Lockheed fears L3Harris will block access to Aerojet’s rockets

In 2022, Lockheed Martin picked Aerojet Rocketdyne to make the rocket engines for its next batch of THAAD anti-missile interceptors.

In 2022, Lockheed Martin picked Aerojet Rocketdyne to make the rocket engines for its next batch of THAAD anti-missile interceptors. U.S. Army

Lockheed Martin has begun making investments in other rocket makers amid its concern over what L3Harris Technologies' agreement to buy Aerojet Rocketdyne means.

LE BOURGET, France—Lockheed Martin has told the Pentagon and Federal Trade Commission that it worries that L3Harris Technologies’ proposed acquisition of Aerojet Rocketdyne would block its access to rocket motors needed for its missiles.

“We are also now actively investing and looking to partner to begin standing up another source for solid rocket motor production,” Lockheed COO Frank St. John said in a Tuesday interview at the Paris Air Show.

L3Harris declined to comment specifically about Lockheed’s comments.

“We are in an FTC process and expect the transaction to close the second half of 2023,” a company spokesperson said.

St. John said Lockheed, whose own attempt to buy Aerojet was blocked last year, has sent DOD and FTC “very detailed” letters about its concerns.

“What we're looking for is for them to engage with us in an agreement that would solidify their position as a merchant supplier,” he said. “Failing that, we're asking the [Defense] Department to put some provisions in a deal that would guarantee…access to the technology not only for us, but for everyone else that needs it too.”

St. John said Lockheed initially believed L3Harris’ proposed purchase would be beneficial because it would help Aerojet, which has long struggled to deliver quality rocket motors.

“We reached out to [L3Harris] to attempt to secure their commitment to be a merchant supplier of propulsion, to not only us, but to the rest of the missile primes in the business,” St. John said. “When I say a ‘merchant supplier of propulsion,’ I'm talking about a continuation of pricing consistent with what we've seen in the past, continued access to priority for resources and manufacturing, and then also commitment to protect intellectual property.”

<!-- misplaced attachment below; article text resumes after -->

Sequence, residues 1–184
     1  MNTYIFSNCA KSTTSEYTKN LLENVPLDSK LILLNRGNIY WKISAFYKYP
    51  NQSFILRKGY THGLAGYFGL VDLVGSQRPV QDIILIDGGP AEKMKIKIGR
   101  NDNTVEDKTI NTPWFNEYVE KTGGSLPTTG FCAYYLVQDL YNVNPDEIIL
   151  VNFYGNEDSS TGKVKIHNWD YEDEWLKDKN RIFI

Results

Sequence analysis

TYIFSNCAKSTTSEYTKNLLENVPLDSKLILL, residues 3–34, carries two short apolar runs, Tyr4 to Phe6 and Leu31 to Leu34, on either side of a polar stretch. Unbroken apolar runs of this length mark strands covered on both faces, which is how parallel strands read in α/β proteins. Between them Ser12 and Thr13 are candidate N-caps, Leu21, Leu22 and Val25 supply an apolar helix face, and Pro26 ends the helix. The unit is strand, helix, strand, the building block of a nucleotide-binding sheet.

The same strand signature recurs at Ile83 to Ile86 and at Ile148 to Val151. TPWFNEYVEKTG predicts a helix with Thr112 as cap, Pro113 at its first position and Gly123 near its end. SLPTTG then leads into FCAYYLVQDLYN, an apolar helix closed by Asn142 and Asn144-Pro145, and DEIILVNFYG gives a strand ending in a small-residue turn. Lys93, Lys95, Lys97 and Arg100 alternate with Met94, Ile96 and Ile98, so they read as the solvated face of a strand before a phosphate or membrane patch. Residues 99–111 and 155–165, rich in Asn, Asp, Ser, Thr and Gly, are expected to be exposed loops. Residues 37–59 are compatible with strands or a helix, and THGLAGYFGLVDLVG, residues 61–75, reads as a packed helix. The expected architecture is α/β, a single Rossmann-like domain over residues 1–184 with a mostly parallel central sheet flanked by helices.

But he said Lockheed has not “been able to secure any kind of agreement” from L3Harris for continued supply.

Earlier this week, Raytheon Technologies CEO Greg Hayes, who opposed Lockheed’s acquisition of Aerojet, said he wasn’t thrilled with L3Harris’ acquiring Aerojet. Still, Hayes said he believed L3Harris owning Aerojet would improve the quality of the rocket-maker’s products.

Lockheed and Raytheon account for more than half of Aerojet’s annual sales. Executives from both companies say that Aerojet has struggled to deliver quality rocket motors. The timing of Aerojet’s struggles come as the Pentagon and its allies want to drastically increase production of missiles to replenish the thousands of weapons given to Ukraine over the past year.

“We're concerned that we've got some risk now in our ability to deliver to our customers because of their unwillingness to commit to be a merchant supplier,” St. John said.

The FTC is still scrutinizing L3Harris’ $4.7 billion acquisition of Aerojet. L3Harris CEO Chris Kubasik has said the deal would allow L3Harris to invest in Aerojet’s facilities. He also has argued the deal would increase competition.

St. John said Lockheed says it put a request for information out to rocket suppliers and that it has received responses from U.S.-based startups and international propulsion companies.

“We're evaluating about a half a dozen of them and probably by the end of the summer, we'll be in a position to make an announcement on our way forward,” he said.